Saturday, October 1, 2011

Stagecoach Days in Central of New York

Geneva Gazette, January 24, 1816

   On the 16th inst. a Stage commenced running from the village of Rochester, Genesee county, to Canandaigua - to leave Rochester every Tuesday and Friday, at 7 A.M. and arrive at Canandaigua the same day; leave Canandaigua every Wednesday and Saturday, at 9 A.M. and arrive at Rochester the same day.

Geneva Gazette, June 18, 1816

                     NEW STAGE.
The subscribers have commenced running a STAGE from Geneva, through Vienna and Palmyra, to Pittsford, where it will intersect a line lately established between Canandaigua and Lewiston, under the following regulations:
Leaves Geneva on Monday, and arrives in Pittsford the same day - leaves Pittsford on Wednesday and arrives at Geneva on Thursday and arrives at Pittsford on Friday - leaves Pittsford on Saturday  and arrives at Geneva on Sunday.
                                                   Wm. Hildreth, Root & Co.
Phelps, May 24.

Geneva Gazette, December 11, 1816

   A STAGE has commenced running from this village through Benton and Wayne, to Bath, in Steuben county.
   Advocate of the People, Auburn, N.Y., October 2, 1816

Geneva Palladium, November 22, 1822
                                Daily Conveyance
   A COACH will leave Geneva every morning at 9 o'clock. Passengers will be conveyed between Cayuga Bridge and Montezuma by Mr. Phelps' American Water Coach. Seats may also be taken at Geneva or Montezuma for Newburgh, &c. via the Steam Boat. The Coach will leave Cayuga daily for Geneva, soon after the arrival of the Water Coach.
     WM. FAULKNER, Proprietr.
Geneva, June 12.
    Extra Horses and Carriages kept as above.

Geneva Palladium
Wed., Dec. 11, 1822

   Stage Robbery. - On Friday morning of last week the rear boo of the Post Coach, from Canandaigua to this place was cut, and a trunk, belonging to Mr. John West, of New York, was taken out. The robbery was not discovered until after daylight, when within five miles of this village. Search was immediately made, but altogether fruitless until Monday afternoon, when it was found in a swamp about a mile east of Canandaigua, with the bottom broken, and every article taken. The papers, letters, books, &c. and the straps which were round the trunk, were snugly deposited in the trunk. The robbers did not obtain a farthing of money, as Mr. W. had carefully deposited it about is person a short time previous.

Onondaga Gazette, Syracuse, N.Y., February 11, 1824     
    In order to inform our distant readers of the public travel through this place,we are informed as a fact, that on Wednesday last, the passengers in the stages passing through this place, amounted to between sixty to seventy, averaging from nine to eleven for each stage. The lines of stages now through this village, consist of the old and new lines from Albany and Utica, east, and from Buffalo and Canandaigua, west; which pass daily. In addition to these, the Cherry Valley mail line also passes every day.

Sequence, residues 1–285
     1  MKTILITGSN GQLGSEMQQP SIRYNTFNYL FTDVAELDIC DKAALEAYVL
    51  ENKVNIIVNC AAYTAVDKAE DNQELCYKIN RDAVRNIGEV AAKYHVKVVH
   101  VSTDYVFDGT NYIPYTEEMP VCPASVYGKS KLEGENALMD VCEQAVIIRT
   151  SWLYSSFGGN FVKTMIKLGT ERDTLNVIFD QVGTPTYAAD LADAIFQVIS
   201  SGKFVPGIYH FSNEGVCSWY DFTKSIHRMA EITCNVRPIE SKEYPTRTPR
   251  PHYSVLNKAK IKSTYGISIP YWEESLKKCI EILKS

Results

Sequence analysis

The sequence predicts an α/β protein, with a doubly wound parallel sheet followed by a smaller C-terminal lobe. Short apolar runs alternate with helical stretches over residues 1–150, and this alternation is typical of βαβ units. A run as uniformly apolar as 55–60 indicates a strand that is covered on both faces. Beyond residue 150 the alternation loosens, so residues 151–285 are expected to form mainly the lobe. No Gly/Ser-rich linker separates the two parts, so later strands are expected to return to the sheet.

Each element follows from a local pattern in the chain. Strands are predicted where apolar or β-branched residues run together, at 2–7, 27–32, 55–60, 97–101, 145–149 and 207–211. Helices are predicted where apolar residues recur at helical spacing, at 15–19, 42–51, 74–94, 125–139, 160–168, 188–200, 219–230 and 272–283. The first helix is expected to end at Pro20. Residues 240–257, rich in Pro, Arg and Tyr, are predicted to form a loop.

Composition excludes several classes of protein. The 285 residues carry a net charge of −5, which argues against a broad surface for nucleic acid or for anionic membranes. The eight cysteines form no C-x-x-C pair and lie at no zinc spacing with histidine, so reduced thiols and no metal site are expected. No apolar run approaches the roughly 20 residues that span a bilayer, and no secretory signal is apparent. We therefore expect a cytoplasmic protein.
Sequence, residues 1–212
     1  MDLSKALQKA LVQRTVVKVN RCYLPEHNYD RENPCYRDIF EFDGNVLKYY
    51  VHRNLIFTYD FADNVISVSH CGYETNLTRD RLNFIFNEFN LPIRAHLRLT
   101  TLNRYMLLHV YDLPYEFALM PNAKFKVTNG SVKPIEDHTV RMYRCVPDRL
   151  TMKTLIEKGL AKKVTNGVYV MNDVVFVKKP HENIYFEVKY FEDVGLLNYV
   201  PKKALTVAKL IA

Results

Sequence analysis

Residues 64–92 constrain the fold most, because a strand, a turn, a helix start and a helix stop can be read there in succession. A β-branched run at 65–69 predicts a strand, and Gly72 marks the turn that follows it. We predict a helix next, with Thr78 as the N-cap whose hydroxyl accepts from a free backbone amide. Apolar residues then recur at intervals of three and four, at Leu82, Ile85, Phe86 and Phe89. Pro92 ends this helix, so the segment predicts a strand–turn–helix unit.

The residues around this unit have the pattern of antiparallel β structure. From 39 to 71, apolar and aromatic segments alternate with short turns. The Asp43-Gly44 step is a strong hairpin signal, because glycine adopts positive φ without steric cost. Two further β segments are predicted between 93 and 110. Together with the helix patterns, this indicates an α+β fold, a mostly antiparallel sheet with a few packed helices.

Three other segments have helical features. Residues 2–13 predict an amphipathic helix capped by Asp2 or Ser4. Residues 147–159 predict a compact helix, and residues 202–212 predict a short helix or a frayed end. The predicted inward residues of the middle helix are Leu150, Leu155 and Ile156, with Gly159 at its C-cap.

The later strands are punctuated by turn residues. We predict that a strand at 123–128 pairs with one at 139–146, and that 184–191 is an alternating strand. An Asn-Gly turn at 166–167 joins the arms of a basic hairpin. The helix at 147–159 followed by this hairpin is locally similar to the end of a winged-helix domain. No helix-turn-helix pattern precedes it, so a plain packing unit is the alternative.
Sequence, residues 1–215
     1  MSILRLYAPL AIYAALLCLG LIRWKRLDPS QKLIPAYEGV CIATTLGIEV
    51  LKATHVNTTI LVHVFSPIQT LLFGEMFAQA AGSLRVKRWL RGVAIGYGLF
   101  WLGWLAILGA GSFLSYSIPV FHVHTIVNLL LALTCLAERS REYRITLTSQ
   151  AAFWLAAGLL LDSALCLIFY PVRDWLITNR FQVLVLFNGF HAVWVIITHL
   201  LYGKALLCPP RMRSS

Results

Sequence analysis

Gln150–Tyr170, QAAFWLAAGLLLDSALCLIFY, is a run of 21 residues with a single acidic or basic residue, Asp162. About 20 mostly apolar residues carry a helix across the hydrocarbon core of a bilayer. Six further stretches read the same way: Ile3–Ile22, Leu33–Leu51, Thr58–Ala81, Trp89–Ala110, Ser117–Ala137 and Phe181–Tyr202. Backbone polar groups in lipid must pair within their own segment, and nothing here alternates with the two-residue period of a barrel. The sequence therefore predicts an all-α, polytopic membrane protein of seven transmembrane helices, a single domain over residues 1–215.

Also a new line of stages has recently been established from Sacket's Harbor to this place, running three times a week. There is not a place in the western district, perhaps, where public travel has increased to such an extent, as through our now flourishing village; and the rapid growth of the place, and extensive works for the manufacture of course salt seems to excite the admiration and elicit the praise of all who view them. We think  we hazard and and nothing in saying, that, from the peculiar advantages of our village, it must become a place of importance and worthy the attention of the enterprising emigrants who wish to located in a growing place of business and particularly inviting to honest and industrious mechanics.
Ithaca Journal,  April 27, 1825

                            MAIL STAGE
                 From Catharine to Ovid
   The subscriber has commenced running a Mail Stage from Catharine to Ovid, by the way of Burdette. This stage is connected with the line of Stages from Elmira to Ithaca, and is so arranged as to have is arrivals and departures regulated by that stage, both on its outward and return passage; so that passengers can at all times reach Ovid from Elmira in one day, and vice versa.
   This being a Mail Stage, it must and will run regularly. No vicissitudes of weather or other circumstances will be allowed to interrupt it. The utmost attention will be bestowed, with a view to ensue to passengers a safe, certain, and agreeable conveyance.
                                                                         GEORGE HIBBARD.
  Catharine, 13th April, 1825*

(*Catharine is today's Watkins Glen)

Geneva Courier, January 8, 1879